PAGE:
Delfina Foundation

In conversation: Santiago Villanueva

Curatorial strategies and the domestic surrealism of house museums

Museo de la Revolución, La Habana, Cuba. Photo: Santiago Villanueva.

Delfna Foundation: As a resident at Delfina, in partnership with Tate, your role has been that of curator rather than an artist. Can you explain then how you got into curating and how you see it relating to your artistic practice?

Santiago Villanueva: At first, I approached curating as a way of inviting other artists and collaborating with them on specific projects, be it exhibitions, publications, etc., but also to incorporate new methodologies in to my practice. I think the most important difference between the artist and the curator lies in their respective methods. However, I'm aware that this train of thought could easily erase both positions and their definitions. At the same time, given that curatorial practice in Argentina has always been linked to artists' initiatives, we struggle with identity issues when discerning which role we embody. It is easy there for artists to write exhibition catalogs, to open art spaces, even to work at museums without the need to define what position you are fulfilling.

In my practice, the institution I'm working for determines whether I am working as a curator or as an artist. The common sense definition of these roles is that the artist is capricious while the curator is responsible, but I believe caprice and responsibility are qualities intrinsic to both kinds of practitioners. The distinction I draw between these roles is that the curator relies on editing and focus, while the artist depends on forms of parallel thinking.

DF: Before we discuss your research into private spaces and museums, do you mind telling us briefly what your work in the Tate Latin America collection consists of?

SV: Over the last four months I've been working in the curatorial department of Tate Modern along with Michael Wellen, Inti Guerrero and Sarah Cullen. We focused on reshaping how the work of several of the artists included in the Latin American collection is exhibited. Besides taking part in the day-to-day tasks of the museum, learning how its different departments function, etc, we focused on two projects.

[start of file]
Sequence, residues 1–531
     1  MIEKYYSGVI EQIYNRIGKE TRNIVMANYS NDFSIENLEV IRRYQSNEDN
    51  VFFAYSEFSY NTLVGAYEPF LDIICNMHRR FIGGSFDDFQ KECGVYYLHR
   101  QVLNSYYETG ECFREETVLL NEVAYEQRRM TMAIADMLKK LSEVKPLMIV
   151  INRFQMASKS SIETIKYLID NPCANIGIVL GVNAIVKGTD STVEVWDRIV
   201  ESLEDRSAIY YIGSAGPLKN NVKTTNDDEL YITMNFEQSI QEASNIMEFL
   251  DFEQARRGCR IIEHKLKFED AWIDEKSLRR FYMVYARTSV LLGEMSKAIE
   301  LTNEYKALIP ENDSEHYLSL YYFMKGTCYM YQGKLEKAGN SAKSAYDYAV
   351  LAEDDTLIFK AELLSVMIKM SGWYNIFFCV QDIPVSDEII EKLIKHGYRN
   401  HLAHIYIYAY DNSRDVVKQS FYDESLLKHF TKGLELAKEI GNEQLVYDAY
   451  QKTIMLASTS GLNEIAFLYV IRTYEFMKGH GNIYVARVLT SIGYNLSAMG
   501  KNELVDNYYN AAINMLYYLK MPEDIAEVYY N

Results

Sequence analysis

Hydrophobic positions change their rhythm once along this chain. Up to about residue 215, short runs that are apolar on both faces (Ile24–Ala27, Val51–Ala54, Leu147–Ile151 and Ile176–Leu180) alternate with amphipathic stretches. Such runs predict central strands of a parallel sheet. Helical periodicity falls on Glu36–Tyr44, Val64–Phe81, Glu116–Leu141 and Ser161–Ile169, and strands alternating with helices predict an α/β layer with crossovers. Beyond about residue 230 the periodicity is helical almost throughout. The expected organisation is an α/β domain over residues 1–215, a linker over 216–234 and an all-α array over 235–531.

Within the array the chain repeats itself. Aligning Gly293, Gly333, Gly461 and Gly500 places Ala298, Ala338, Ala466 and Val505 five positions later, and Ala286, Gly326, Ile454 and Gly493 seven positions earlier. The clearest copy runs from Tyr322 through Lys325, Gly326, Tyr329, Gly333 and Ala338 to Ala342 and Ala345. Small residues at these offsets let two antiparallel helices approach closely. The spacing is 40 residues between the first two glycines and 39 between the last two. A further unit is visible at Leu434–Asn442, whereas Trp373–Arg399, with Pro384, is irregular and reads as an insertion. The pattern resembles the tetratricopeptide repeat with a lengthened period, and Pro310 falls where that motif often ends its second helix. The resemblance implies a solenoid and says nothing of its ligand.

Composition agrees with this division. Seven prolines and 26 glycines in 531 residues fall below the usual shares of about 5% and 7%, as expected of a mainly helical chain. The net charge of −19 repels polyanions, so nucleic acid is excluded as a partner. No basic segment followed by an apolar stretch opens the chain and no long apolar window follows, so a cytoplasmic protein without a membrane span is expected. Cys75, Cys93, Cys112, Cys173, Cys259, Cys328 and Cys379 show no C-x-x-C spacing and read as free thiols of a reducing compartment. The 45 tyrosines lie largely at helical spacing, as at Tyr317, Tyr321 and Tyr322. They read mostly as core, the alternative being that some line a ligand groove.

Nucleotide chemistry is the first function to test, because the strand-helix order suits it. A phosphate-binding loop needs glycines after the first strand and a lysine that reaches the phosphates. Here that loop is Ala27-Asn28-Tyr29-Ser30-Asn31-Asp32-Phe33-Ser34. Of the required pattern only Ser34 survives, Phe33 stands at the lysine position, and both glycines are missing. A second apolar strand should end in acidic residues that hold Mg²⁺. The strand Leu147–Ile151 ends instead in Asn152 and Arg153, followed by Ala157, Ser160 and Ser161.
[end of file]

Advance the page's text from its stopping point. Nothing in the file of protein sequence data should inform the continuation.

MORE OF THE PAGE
The first was an in-depth analysis of one of the rooms which is now on display, titled A view from Sao Paulo. This space presents parts of the collection dedicated to Brazilian abstraction, in connection with the emergence of the Sao Paulo Biennial, which was inaugurated in 1951. Basically, I rethought the display, adding several new items (including archive materials, etc.) and created a public program for that specific room. The second project we focused on was organising a meeting for museum staff and artists to take place in Buenos Aires around the end of May 2018, which sought to promoting a dialogue between curators, museum directors, and artists, and encouraging an approach to sharing and working with public collections that transcends the usual display solutions.

DF: During your residency, alongside the aforementioned projects, you have also been researching the transformation of previously private spaces in to museums. How did your interest in this field arise?

SV: I've always been interested in museums that escape the common definition of a museum and that challenge, nonchalantly in some cases, even the most insignificant rules - such as how to install and exhibit pieces. Specifically, I've been always devoted to museums which are outside the contemporary art circuit. These abnormal institutions look inward and wander blindly, like zombies in to the realm of museums. These museums tend to respond to local interests rather than targeting global tourism, and are sometimes consecrated to the practice of a single artist. In them you can see many simple decisions that lie in contrast to the neutrality and purity in which we usually see art displayed. These spaces can function as a sort of encyclopedia for curators.


Museo Iramáin, San Miguel de Tucumán, Tucumán, Argentina. Photo: Santiago Villanueva.

DF: Could you talk a little about some of the places you have been in London then and what you discovered.

SV: During my stay at Delfina, and in parallel with my work at Tate, I visited several spaces that helped me think in this direction. Some of them are well-known, some not, but all of them construct a very particular relationship to objects, between mise-en-scene and museography. They work with the presence of someone who is no longer there. In these spaces we find objects which have an action in potentia, shown the way they were, or should be, used.